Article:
NOW also lobbied for passage of the Equal Rights Amendment (ERA), which had remained dormant since it was first introduced in Congress by Alice Paul in 1923. In addition, the organization called for federally funded day care centers to be established "on the same basis as parks, libraries and public schools." NOW also worked to achieve the legalization of abortion and the preservation of abortion rights. Friedan was among the founders of the National Abortion Rights Action League in 1969. Finally in 1973 the Supreme Court legalized abortions. Deaths of women resulting from abortions dropped by 60 percent.
In 1970 Friedan was one of the most forceful opponents of President Nixon's nomination of G. Harrold Carswell to the Supreme Court. She argued before the Senate Judiciary Committee that in 1969 Carswell defied the Civil Rights Act by ruling in favor of the right of employers to deny jobs to women with children. That same year, at the annual meeting of NOW, she called for a Women's Strike for Equality, which was held on August 26—the 50th anniversary of the day women gained the right to vote. Women across the country commemorated the day with demonstrations, marches, and speeches in 40 major cities. Friedan led a parade of over 10,000 down Fifth Avenue in New York City.
The following year Friedan was among the feminist leaders who formed the National Women's Political Caucus. During the next several years she moved away from central leadership in the movement to concentrate on writing and teaching. She wrote a regular column for McCall's magazine and taught at several colleges and universities, including Temple University, Yale University, Queens College, and the New School for Social Research.
Friedan became an influential spokeswoman for the women's movement nationally as well as internationally. In 1974 she had an audience with Pope Paul VI in which she urged the Catholic Church to "come to terms with the full personhood of women."
As the women's movement grew and new leaders emerged with different concerns, Friedan's centrality in the movement dwindled. Nevertheless, she remained an out-spoken feminist leader for many years. In 1977 she participated in the National Conference of Women in Houston, Texas, and called for an end to divisions and a new coalition of women. Her writing, teaching, and speaking continued throughout these years, as her ideas concerning the feminist movement evolved. In 1976 she published It Changed My Life: Writings on the Women's Movement, which was followed by her 1981 book, The Second Stage. In that publication Friedan called for a shift in the feminist movement, one that would address the needs of families and would allow both men and women to break from the sex-role stereotypes of the past.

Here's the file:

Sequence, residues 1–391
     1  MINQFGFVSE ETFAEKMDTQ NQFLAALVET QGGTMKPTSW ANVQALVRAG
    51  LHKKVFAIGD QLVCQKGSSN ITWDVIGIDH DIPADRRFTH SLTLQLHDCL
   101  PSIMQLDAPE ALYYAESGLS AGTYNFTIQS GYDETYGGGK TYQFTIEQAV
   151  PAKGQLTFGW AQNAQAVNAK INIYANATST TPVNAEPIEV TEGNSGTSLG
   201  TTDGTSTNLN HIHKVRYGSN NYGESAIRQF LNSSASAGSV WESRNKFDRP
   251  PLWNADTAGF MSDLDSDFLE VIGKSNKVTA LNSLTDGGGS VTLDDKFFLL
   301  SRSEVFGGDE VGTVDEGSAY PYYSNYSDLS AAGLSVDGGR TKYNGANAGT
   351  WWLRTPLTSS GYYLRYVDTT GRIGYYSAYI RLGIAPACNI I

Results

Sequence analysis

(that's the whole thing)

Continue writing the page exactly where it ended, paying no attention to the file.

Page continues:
In 1993, Friedan released The Fountain of Age, in which she began to explore the rights of the elderly and aging, just as she had once become attuned to women's issues. Friedan's focus is not on mere economics, but rather on helping the elderly find fulfillment in their latter years. In The New York Times she said, "Once you break through the mystique of age and that view of the aged as objects of care and as problems for society, you can look at the reality of the new years of human life open to us."
In 1996 new scholarship arose about Friedan's life when Daniel Horowitz published a controversial article in American Quarterly. Horowitz, who teaches at Friedan's alma mater, Smith University, draws a link between Friedan's feminism and her undergraduate years at Smith during the 1940s. Horowitz presents a new outlook on the work of Friedan, who has often said her feminism first emerged during the 1960s; in his article, Horowitz makes a strong case that it can be traced to the 1940s. But regardless of the time that Friedan's feminism first surfaced, she remains a significant influence on societal expectations and equality for women.
Betty Friedan's own writings are the best source of information on her life and work. She wrote extensively in popular magazines and was interviewed numerous times after 1963. She published four books: The Feminine Mystique (1963), It Changed My Life: Writings on the Women's Movement (1976), and The Second Stage (1981), and The Fountain of Age (1993). □